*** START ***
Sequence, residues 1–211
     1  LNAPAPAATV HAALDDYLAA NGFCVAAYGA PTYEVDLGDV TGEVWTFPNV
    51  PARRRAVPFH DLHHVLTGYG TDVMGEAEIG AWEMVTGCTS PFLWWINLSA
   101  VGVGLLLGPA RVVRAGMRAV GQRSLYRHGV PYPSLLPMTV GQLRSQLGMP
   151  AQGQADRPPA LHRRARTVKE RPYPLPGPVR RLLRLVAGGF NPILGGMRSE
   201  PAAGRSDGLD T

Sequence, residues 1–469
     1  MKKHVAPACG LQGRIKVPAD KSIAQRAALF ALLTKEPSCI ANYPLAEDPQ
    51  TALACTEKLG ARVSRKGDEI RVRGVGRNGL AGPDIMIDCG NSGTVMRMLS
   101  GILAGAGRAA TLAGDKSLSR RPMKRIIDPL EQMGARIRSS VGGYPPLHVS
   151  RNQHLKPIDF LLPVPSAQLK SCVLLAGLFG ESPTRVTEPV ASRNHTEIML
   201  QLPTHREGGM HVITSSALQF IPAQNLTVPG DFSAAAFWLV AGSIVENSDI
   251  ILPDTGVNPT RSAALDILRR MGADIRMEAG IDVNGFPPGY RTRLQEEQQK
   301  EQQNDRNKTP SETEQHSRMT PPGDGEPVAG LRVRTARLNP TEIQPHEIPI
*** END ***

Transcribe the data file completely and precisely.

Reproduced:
Sequence, residues 1–211
     1  LNAPAPAATV HAALDDYLAA NGFCVAAYGA PTYEVDLGDV TGEVWTFPNV
    51  PARRRAVPFH DLHHVLTGYG TDVMGEAEIG AWEMVTGCTS PFLWWINLSA
   101  VGVGLLLGPA RVVRAGMRAV GQRSLYRHGV PYPSLLPMTV GQLRSQLGMP
   151  AQGQADRPPA LHRRARTVKE RPYPLPGPVR RLLRLVAGGF NPILGGMRSE
   201  PAAGRSDGLD T

Sequence, residues 1–469
     1  MKKHVAPACG LQGRIKVPAD KSIAQRAALF ALLTKEPSCI ANYPLAEDPQ
    51  TALACTEKLG ARVSRKGDEI RVRGVGRNGL AGPDIMIDCG NSGTVMRMLS
   101  GILAGAGRAA TLAGDKSLSR RPMKRIIDPL EQMGARIRSS VGGYPPLHVS
   151  RNQHLKPIDF LLPVPSAQLK SCVLLAGLFG ESPTRVTEPV ASRNHTEIML
   201  QLPTHREGGM HVITSSALQF IPAQNLTVPG DFSAAAFWLV AGSIVENSDI
   251  ILPDTGVNPT RSAALDILRR MGADIRMEAG IDVNGFPPGY RTRLQEEQQK
   301  EQQNDRNKTP SETEQHSRMT PPGDGEPVAG LRVRTARLNP TEIQPHEIPI